"Now there are still many restrictions on the free exchange of currency between the two sides, and the situation should be changed," he said.

  The mainland-based Association for Relations Across the Taiwan Straits (ARATS) and the Taiwan-based Straits Exchange Foundation (SEF), the two main negotiation bodies, held their first meeting in Beijing last June after the talks were suspended for almost 10 years. The second meeting was held in Taiwan in November.

  On Dec. 15, 2008, the mainland and Taiwan started historic direct flights, postal and shipping services, ending a 59-year ban on such links.

  Founded in 1991 and 1990 respectively, the ARATS and the SEF are authorized by the mainland and Taiwan to handle cross-Straits exchanges.

  FINANCIAL MOU

  Wu Nengyuan, the scholar on Taiwan issues, believed details on financial cooperation could not be discussed until a memorandum of understanding (MOU) on establishing the cross-Strait financial supervisory mechanism was signed.

  He hoped the two sides could sign a financial MOU, reach an agreement on investment guarantee system, and avoid double taxation on goods across the Straits this year.

  "This will remove obstacles and lay a foundation for the inking of a comprehensive agreement on economic cooperation between the mainland and Taiwan," he said.

  "Though there were different voices on the island, the mainland and Taiwan could hardly join hands to offset the impact of the global financial turmoil if the two sides failed to work together for normalization of economic relations," Wu said.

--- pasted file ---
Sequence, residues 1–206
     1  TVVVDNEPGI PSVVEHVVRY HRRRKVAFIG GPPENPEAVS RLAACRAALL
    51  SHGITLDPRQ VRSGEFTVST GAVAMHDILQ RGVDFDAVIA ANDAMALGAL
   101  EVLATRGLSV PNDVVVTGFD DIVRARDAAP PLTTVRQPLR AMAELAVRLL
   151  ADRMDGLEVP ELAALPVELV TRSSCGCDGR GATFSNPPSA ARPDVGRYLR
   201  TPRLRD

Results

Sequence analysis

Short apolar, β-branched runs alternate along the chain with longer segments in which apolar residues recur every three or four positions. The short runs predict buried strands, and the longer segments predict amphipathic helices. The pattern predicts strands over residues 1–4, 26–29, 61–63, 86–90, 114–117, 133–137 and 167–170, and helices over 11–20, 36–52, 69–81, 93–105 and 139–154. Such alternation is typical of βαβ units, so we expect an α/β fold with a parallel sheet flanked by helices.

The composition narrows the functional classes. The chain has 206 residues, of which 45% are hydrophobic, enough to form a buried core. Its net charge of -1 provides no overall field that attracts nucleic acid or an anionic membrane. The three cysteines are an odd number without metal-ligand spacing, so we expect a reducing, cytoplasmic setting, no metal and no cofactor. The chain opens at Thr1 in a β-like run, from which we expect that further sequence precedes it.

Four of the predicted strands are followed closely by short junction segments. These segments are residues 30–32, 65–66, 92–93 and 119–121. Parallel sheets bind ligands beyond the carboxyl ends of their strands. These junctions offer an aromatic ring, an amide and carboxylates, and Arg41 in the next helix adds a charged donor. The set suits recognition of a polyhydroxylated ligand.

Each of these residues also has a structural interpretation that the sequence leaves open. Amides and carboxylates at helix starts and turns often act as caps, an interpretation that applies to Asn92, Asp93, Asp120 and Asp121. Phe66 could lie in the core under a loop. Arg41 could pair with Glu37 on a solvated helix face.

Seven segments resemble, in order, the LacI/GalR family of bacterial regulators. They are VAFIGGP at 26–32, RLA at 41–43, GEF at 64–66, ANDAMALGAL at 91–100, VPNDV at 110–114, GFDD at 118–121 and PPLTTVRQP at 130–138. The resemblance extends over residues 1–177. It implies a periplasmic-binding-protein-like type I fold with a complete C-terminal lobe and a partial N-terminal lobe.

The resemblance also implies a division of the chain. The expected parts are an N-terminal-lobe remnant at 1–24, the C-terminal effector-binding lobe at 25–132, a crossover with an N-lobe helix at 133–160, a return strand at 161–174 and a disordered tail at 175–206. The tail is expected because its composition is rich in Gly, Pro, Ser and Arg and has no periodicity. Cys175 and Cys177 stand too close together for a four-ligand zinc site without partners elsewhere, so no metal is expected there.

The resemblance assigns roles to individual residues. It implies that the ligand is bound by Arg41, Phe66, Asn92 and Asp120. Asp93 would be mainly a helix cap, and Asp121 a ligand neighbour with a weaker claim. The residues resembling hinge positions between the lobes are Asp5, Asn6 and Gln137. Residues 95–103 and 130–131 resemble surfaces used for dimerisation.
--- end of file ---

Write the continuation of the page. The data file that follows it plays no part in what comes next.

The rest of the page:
Leong Vai Tac, a NPC National Committee member from Macao, said the signing of a comprehensive agreement on economic cooperation would enable both sides to know their needs and advantages.

  "It will help bring into play the integral functions of the regional economy across the Straits," he said.

  China's central bank governor Zhou Xiaochuan said earlier that the financial industry had kept with the pace of cross-Strait tourism and personnel exchange development.

  The mainland's top negotiator of Taiwan affairs Chen Yunlin said the two sides would hold negotiations this year on issues including regular flights, financial cooperation, joint crackdown on crimes and mutual investment.

  The ARATS and the SEF aimed to sign a series of agreements at a meeting in the first half of this year, according to Chen.

  TRIAL BASE

  Political advisors at the on-going session have proposed to build a "cross-Strait economic zone" covering Taiwan and the coastal of Fujian Province, which sees Taiwan across the Straits. They said the economic zone could serve as a "trial base" for the establishment of "economic cooperation mechanisms tailored to both sides of the Straits".

  "We just want to explore an economic cooperation mechanism that complies with the reality and meets the demand of both sides, and this is why we propose to set up the 'trial base'," said Zhang Huajun, one of the political advisors who made the joint proposal.

  Zhang and his colleagues suggested experiment on industrial policy coordination be allowed in the 'trial base'.

  He called for more efforts to launch major projects in the zone and apply more eased and flexible policies for economic integration across the Straits to pave way for further cooperation.